Chennai, for example, the freight we carry is a mix of multiple things. General cargo is huge. The auto industry is big in Chennai so we carry a lot of spare parts for cars. Special products like leather cargo, perishables like food and seasonal fish. Mobile companies have set up over there and that's why there's a lot of mobile-related cargo movements.
When it comes to Delhi, it's more about engines. Samsung has set up there so a lot of Samsung-related and mobile-related carries we do especially towards Hanoi. At the same time, there's a lot of general cargo. From Mumbai, it's pharmaceuticals, perishables, over-dimensional cargo which is spare parts and it's again a mix.
Colombo is more about the garments and then there is seafood related which we carry a lot from there, which goes towards Asia and North America. When it comes to Dhaka, it is purely garments and some amount of general cargo because Bangladesh is known for the export of garments. So we carry the maximum into the Far East and North America.
On the import part, it is all the raw materials and spare parts which come into India normally from Hong Kong, and China. Then it comes from Japan and Korea as well which could be the car-related and R&D research spare parts. But when it comes to pure electronic items and pharma rated raw materials, they come from Hong Kong and China.
Tell me about the amount of Covid-19 relief materials you have flown to India? What were the items? Which were the most served airports?
Before the second wave, we used to fly around 11 freighters into India. The minute the second wave came in and we saw that there is a huge requirement for medical support in India we increased our capacity to 15 to 17 freighters per week. On top of it, we used to have 12 to 14 passenger flights to cater for the requirements.
We have delivered tonnes of relief materials and medical supplies into Delhi, Mumbai and Hyderabad which includes oxygen generators, oxygen concentrators and ventilators. There was a sharp increase in the volume of shipment of oxygen, surgical masks, sanitisers, personal production equipment, pharmaceuticals and vaccines.
Tell me about the economy of China and specifically Hong Kong in relation to the regions you deal with in terms of business between them.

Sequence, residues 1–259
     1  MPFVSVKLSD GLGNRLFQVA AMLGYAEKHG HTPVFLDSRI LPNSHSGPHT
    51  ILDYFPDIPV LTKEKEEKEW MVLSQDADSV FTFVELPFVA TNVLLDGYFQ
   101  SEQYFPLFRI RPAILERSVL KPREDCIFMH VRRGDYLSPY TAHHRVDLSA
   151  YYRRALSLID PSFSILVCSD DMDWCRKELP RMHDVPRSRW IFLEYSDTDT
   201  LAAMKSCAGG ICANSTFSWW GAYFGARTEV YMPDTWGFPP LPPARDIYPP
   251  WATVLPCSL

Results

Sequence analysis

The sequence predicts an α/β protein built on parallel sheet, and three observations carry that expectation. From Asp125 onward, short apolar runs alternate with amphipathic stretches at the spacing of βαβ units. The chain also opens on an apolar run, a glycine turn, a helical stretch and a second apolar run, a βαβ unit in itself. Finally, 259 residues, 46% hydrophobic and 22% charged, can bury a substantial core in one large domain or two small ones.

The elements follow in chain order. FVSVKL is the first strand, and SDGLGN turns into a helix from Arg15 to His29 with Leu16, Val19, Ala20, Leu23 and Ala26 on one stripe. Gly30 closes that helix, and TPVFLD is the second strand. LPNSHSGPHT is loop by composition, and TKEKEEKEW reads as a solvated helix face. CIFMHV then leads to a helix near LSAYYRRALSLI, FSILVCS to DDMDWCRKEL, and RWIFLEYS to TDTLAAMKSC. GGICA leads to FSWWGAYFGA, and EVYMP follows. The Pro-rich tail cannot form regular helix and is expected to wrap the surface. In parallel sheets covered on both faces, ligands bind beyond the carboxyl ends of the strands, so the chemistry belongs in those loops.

Hong Kong is geographically very comfortable position, sitting next to the biggest supplier to the world that is China. South Asia, Middle East and Africa are still doing maximum trade with China. For example, India also gets the maximum cargo from those regions. Even the exports from India towards China have also grown.
Tell me about your partners, for example, the freight forwarders, or shippers. How the relationships have changed before and after Covid?
From the time the pandemic started the whole business equation have changed and every forwarder also is looking at new ways of working because there's a scarcity of space. We have grown exponentially with some of our freight forwarding partners because they are working closely with us and we were able to give solutions they're looking for.
The good part is that with this change digitalization has walked into the cargo industry. I can see that a lot of things have moved into data platforms. Most airlines and forwarders are investing in digitalisation. We would be one of those airlines that will be moving fast to create a platform that comes to all the booking behaviour so that the interactions are reduced. By the end of this quarter, we are planning to have something launched, which is 100 percent digitalized.
"We always believed in freighter capabilities and they worked very well for us, both in pre-Covid and post-Covid it was a saviour."
How many long term capacity commitments have you made with forwarders during this period?
South Asia, Middle East or Africa couldn't get into any agreement at the rate, which was expected from Hong Kong while markets like Hong Kong, China, Southeast Asia could match up with the needs over there. But when it comes to our region, we didn't see many forwarders looking at that option towards the Americas, for example, but we tied up more of within Asia when it comes to Hong Kong of China and Japan on a long term basis. But the long term doesn't mean for six months or a year. It was more about a month, or max up to three months because things were changing very fast.
How about the trend of cargo-only passenger flights and the demand for freighters in the market?
We always believed in freighter capabilities and they worked very well for us, both in pre-Covid and post-Covid it was a saviour. Cargo-only passenger flights is not a reliable model because it's a very high-cost proposition. The yields are good because there is a gap in demand and supply. But the minute borders get opened up, COP will not be able to sustain. We have only six completely converted passenger planes and we are not planning to go beyond that for the simple reason that we want to get back our passenger capacity.
Tell us about your digitalization roadmap.
We have decided to continue investing in cargo for digital projects because the future lies in that space. Most of the forwarders have also moved in that direction, they are investing big time into that. First, most of our booking platforms will be 100 percent digitalized and the soft launch will happen in the month of October.
We have introduced track and trace for vaccine product for customers to know whether the temperature is maintained at every location supported by 24/7 customer service centre.
Cathay Pacific Cargo recently announced the multi-dimensional blue tooth tracking product, Ultra Track. When it will be available in India?
We are in discussion with Indian airports because it depends on this device being fixed in the terminal. Once the approval is given we will launch it in India also.